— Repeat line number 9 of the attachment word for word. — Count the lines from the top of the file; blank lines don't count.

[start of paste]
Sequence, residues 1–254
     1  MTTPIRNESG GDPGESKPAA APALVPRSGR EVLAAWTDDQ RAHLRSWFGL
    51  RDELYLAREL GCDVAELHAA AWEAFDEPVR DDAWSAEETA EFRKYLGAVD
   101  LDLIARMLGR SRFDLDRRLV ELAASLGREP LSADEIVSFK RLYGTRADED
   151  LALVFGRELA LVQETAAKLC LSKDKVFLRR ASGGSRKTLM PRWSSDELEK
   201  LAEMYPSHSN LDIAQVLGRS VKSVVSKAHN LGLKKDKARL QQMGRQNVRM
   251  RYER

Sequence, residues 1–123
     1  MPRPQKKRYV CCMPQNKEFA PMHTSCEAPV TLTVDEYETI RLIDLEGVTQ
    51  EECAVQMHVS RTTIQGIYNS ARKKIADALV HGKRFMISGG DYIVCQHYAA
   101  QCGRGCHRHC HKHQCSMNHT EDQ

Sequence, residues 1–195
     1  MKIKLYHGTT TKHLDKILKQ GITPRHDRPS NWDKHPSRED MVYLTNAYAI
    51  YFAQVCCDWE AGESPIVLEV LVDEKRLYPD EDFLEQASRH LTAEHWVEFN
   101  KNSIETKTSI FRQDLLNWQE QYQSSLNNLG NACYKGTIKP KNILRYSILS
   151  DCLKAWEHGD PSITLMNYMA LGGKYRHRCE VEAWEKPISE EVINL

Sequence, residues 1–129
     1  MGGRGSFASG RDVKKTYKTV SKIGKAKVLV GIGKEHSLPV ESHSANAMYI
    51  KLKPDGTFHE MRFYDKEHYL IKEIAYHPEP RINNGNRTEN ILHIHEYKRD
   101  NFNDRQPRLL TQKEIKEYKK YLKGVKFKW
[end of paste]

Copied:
     1  MPRPQKKRYV CCMPQNKEFA PMHTSCEAPV TLTVDEYETI RLIDLEGVTQ